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Friday, July 31, 2009


RAID is an acronym first defined at the University of California, Berkeley in 1987 to describe a redundant array of inexpensive disks,[1] a technology that allowed computer users to achieve high levels of storage reliability from low-cost and less reliable PC-class disk-drive components, via the technique of arranging the devices into arrays for redundancy.
Redundancy is achieved by either writing the same data to multiple drives (known as mirroring), or writing extra data (known as parity data) across the array, calculated such that the failure of one (or possibly more, depending on the type of RAID) disks in the array will not result in loss of data. A failed disk may be replaced by a new one, and the lost data reconstructed from the remaining data and the parity data. Organizing disks into a redundant array decreases the usable storage capacity. For instance, a 2-disk RAID 1 array loses half of the total capacity that would have otherwise been available using both disks independently, and a RAID 5 array with several disks loses the capacity of one disk. Other types of RAID arrays are arranged so that they are faster to write to and read from than a single disk.

There are various combinations of these approaches giving different trade-offs of protection against data loss, capacity, and speed. RAID levels 0, 1, and 5 are the most commonly found, and cover most requirements.

  • RAID 0 (striped disks) distributes data across several disks in a way that gives improved speed at any given instant. If one disk fails, however, all of the data on the array will be lost, as there is neither parity nor mirroring.
  • RAID 1 mirrors the contents of the disks, making a form of 1:1 ratio realtime backup. The contents of each disk in the array are identical to that of every other disk in the array.
  • RAID 5 (striped disks with parity) combines three or more disks in a way that protects data against loss of any one disk. The storage capacity of the array is reduced by one disk.
  • RAID 6 (striped disks with dual parity) can recover from the loss of two disks.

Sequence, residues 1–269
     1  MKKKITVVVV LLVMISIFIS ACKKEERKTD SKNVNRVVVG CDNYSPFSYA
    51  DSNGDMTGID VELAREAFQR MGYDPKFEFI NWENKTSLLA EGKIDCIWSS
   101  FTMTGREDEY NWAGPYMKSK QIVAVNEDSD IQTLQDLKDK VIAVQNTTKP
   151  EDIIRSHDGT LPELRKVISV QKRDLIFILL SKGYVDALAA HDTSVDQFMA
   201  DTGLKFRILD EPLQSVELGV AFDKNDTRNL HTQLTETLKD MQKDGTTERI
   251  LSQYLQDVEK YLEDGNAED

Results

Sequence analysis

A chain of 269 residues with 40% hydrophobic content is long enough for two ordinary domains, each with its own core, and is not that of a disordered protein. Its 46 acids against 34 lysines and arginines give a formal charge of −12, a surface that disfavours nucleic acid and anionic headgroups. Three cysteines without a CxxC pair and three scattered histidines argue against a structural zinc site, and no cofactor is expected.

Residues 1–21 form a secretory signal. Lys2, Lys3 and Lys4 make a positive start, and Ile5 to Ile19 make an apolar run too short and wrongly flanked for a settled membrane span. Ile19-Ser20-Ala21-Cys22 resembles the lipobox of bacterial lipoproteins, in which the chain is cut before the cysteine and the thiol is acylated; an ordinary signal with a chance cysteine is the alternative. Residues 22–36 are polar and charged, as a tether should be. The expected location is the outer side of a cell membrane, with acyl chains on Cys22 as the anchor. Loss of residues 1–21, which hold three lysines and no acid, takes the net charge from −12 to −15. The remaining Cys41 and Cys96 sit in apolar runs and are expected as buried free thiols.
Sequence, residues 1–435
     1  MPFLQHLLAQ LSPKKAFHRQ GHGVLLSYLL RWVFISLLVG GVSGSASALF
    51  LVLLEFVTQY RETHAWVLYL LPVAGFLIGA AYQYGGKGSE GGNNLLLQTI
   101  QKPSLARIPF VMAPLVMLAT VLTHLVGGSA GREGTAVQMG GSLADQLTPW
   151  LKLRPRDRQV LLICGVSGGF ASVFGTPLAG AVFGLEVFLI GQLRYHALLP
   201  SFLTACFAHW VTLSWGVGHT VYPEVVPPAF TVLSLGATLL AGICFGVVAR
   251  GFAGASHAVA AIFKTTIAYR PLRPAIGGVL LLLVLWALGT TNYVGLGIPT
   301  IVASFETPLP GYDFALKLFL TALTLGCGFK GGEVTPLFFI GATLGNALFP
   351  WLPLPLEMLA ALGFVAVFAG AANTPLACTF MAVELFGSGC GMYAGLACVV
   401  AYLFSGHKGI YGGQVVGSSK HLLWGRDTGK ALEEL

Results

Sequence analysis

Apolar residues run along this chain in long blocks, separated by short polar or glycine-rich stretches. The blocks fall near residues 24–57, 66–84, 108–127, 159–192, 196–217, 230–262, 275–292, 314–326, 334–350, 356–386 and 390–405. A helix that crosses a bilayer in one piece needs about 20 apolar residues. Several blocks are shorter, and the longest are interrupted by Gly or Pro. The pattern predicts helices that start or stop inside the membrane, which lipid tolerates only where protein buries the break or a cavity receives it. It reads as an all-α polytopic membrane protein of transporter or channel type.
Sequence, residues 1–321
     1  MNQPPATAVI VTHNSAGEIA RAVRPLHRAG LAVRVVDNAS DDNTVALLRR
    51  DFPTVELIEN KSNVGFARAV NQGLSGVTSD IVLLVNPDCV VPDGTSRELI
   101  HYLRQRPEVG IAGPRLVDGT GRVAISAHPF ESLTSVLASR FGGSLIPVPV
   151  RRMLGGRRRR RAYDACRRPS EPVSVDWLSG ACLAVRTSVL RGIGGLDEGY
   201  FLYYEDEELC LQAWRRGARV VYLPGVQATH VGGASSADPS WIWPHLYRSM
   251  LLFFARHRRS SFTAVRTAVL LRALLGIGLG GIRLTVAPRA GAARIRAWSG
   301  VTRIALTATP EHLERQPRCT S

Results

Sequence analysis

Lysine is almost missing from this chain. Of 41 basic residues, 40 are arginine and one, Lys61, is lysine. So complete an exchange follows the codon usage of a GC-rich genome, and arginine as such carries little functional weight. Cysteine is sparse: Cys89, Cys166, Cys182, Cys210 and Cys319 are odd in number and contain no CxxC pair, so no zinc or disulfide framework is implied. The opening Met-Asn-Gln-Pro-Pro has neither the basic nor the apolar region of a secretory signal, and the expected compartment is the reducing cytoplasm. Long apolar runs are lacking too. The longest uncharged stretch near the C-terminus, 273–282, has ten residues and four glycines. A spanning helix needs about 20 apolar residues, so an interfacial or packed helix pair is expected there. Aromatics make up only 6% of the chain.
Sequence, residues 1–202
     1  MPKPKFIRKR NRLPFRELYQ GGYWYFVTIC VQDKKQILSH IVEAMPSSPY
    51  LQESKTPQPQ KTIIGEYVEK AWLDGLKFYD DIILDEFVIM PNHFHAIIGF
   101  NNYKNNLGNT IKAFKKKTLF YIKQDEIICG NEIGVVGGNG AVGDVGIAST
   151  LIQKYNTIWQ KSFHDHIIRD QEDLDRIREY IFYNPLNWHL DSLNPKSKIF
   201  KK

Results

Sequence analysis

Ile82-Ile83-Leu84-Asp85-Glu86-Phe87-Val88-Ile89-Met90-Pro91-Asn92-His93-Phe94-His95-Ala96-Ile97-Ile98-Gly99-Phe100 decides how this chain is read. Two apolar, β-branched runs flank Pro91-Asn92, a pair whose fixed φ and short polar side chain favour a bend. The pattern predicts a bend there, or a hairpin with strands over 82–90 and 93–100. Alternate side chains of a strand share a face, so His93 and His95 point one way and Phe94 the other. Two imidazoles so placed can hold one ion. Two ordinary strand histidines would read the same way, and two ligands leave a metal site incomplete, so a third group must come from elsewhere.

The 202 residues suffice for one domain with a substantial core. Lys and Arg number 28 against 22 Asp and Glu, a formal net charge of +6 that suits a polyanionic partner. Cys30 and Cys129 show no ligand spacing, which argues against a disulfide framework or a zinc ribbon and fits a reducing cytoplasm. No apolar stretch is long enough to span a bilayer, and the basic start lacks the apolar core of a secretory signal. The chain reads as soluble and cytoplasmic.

• RAID 10 (or 1+0) uses both striping and mirroring. "01" or "0+1" is sometimes distinguished from "10" or "1+0": a striped set of mirrored subsets and a mirrored set of striped subsets are both valid, but distinct, configurations.

RAID can involve significant computation when reading and writing information. With traditional "real" RAID hardware, a separate controller does this computation. In other cases the operating system or simpler and less expensive controllers require the host computer's processor to do the computing, which reduces the computer's performance on processor-intensive tasks (see "Software RAID" and "Fake RAID" below). Simpler RAID controllers may provide only levels 0 and 1, which require less processing.
RAID systems with redundancy continue working without interruption when one (or possibly more, depending on the type of RAID) disks of the array fail, although they are then vulnerable to further failures. When the bad disk is replaced by a new one the array is rebuilt while the system continues to operate normally. Some systems have to be powered down when removing or adding a drive; others support hot swapping, allowing drives to be replaced without powering down. RAID with hot-swapping is often used in high availability systems, where it is important that the system remains running as much of the time as possible.